UK Bonds Lead Global Selloff As Higher-for-Longer Bets Sink in

Investors around the globe are adjusting to the prospect of an extended period of tight monetary policies.

On a closing basis, the yield on gilts of 10 years rose by 20 basis points on Thursday to 4.56%. This was the biggest daily increase in over a year.

The benchmark German bond increased 12 basis points, to just under 3%. This is a level that has not been reached since 2011. The US equivalent rate climbed to 4.69 percent, its highest level since 2007.

These moves are part of an aggressive repricing which has accelerated in the last month and undermines one the most popular bond trades for the year.

After accumulating long-dated assets to hedge against a sharp economic downturn, traders face a number of potential headwinds. These include surging oil costs that could keep inflation high and reduce their appeal.

Althea Spinozzi is a Saxo Bank strategist and she said that the UK sell-off was a clear indication that policymakers wanted to keep interest rates high for a while.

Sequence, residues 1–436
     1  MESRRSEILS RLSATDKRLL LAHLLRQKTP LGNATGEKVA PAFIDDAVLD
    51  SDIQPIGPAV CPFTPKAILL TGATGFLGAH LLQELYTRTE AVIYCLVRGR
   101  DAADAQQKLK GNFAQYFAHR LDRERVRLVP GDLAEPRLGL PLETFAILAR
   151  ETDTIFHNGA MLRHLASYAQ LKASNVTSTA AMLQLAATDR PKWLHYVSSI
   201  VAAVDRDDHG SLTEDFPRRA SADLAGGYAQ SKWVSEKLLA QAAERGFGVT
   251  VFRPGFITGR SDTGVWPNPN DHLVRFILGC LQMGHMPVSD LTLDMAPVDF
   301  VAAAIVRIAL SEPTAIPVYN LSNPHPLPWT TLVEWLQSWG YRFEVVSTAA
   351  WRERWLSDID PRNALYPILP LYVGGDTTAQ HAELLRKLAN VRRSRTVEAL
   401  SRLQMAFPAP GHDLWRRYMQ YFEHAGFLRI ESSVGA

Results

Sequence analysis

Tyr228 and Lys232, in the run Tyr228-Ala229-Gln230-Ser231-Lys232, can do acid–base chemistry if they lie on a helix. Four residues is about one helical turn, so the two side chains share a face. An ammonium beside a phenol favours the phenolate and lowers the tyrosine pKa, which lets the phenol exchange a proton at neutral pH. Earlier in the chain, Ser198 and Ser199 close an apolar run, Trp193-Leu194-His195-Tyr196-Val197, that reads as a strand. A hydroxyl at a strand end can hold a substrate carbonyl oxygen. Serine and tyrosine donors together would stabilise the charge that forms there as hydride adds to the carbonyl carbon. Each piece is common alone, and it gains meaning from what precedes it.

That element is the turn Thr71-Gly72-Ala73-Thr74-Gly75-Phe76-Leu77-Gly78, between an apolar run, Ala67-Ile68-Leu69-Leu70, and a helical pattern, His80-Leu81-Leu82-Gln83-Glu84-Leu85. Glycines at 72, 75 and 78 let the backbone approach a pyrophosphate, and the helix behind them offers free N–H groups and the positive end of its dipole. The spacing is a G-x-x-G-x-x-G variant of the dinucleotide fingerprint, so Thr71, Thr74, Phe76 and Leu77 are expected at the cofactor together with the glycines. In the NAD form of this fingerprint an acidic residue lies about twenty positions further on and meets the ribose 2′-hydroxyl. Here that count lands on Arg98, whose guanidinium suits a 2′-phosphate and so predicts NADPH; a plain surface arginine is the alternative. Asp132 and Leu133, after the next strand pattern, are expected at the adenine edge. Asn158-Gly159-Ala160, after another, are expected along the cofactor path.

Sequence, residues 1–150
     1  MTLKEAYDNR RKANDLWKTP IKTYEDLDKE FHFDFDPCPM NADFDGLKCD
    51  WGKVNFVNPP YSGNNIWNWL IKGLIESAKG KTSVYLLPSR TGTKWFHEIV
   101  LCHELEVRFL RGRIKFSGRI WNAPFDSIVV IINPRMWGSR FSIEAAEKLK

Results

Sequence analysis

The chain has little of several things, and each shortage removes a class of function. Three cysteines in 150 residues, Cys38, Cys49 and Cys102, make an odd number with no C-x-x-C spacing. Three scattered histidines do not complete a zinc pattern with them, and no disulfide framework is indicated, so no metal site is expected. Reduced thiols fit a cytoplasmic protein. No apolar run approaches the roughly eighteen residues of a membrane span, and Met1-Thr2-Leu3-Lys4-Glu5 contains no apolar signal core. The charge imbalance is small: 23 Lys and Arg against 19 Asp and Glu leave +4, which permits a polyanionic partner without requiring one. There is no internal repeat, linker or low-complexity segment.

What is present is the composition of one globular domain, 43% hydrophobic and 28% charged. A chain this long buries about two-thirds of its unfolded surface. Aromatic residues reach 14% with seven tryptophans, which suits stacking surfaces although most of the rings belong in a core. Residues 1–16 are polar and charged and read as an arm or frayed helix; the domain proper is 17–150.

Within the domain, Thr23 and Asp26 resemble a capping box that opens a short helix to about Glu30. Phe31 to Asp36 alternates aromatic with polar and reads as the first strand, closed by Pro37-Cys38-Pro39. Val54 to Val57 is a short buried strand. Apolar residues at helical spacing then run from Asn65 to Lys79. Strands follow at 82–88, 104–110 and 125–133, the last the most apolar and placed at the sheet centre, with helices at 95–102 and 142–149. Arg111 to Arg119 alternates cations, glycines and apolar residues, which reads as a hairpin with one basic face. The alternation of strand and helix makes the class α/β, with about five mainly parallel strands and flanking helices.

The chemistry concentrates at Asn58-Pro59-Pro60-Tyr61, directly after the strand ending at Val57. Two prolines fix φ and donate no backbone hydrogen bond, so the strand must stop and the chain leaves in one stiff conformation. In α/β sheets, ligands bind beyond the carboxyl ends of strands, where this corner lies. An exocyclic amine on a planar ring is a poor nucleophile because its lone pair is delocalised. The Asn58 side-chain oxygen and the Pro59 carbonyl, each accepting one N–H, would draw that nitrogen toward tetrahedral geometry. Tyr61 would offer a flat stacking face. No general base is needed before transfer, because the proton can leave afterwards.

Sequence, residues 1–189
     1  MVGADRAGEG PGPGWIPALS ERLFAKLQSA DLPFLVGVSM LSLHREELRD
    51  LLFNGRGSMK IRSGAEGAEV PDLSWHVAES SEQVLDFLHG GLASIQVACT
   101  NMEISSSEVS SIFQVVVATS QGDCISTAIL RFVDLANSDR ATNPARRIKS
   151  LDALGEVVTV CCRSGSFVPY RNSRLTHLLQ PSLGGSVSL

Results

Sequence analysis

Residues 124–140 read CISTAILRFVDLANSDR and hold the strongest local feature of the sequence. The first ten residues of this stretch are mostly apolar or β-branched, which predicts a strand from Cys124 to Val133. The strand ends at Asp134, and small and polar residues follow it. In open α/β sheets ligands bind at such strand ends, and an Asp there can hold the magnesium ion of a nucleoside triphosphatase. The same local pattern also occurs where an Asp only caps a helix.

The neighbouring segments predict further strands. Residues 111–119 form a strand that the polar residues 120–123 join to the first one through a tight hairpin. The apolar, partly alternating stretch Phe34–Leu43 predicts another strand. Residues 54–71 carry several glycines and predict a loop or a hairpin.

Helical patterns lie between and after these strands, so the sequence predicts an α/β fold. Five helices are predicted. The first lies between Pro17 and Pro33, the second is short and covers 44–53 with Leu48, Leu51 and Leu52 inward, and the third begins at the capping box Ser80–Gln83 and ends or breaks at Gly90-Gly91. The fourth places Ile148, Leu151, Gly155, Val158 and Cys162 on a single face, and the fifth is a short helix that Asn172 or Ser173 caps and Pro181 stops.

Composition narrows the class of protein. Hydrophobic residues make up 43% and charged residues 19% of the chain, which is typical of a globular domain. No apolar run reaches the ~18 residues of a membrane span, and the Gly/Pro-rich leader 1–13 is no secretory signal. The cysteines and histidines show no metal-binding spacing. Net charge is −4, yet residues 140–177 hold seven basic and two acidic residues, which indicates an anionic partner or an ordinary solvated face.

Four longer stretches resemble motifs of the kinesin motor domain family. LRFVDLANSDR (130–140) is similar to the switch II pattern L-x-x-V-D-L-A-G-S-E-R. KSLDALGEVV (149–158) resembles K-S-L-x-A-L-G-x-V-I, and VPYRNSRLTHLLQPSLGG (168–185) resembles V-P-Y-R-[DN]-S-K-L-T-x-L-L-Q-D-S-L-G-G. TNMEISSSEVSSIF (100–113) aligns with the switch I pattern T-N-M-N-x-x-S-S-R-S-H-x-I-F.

Markets are also dealing with an increase in bond supply. The central bank in Europe could accelerate the rate at which it is shedding bonds off its balance sheet. Meanwhile, government bond sales will remain high as they finance their spending when the economy begins to slow down.

Even the yields on Japanese government bonds — the last bastion for easy monetary policies among developed markets — have been moving. On Thursday, the yield on Japan’s 20-year Government Bonds rose to its highest level since 2014. Traders were testing the central bank’s capability to keep borrowing rates low.

Money markets in the UK are fully pricing a quarter point hike for the very first time since Bank of England kept policy rates unchanged last week. The money markets have also reduced their bets on the extent of monetary easing in 2020, and no longer fully price a reduction to 5% by 2024. The current rate is 5.25%.

The UK bond’s move was more pronounced due to their recent outperformance. This month, the 10-year gilt yields have risen by less than 20 basis points. This compares with around 50 basis point on both US Treasuries and bunds.

Mark Nash said, “It is a catch-up move with US and Europe,” referring to the move of gilts. “Oil prices have been rising. The UK is heavily indebted overseas and its capital is becoming tighter. “Yields must rise.”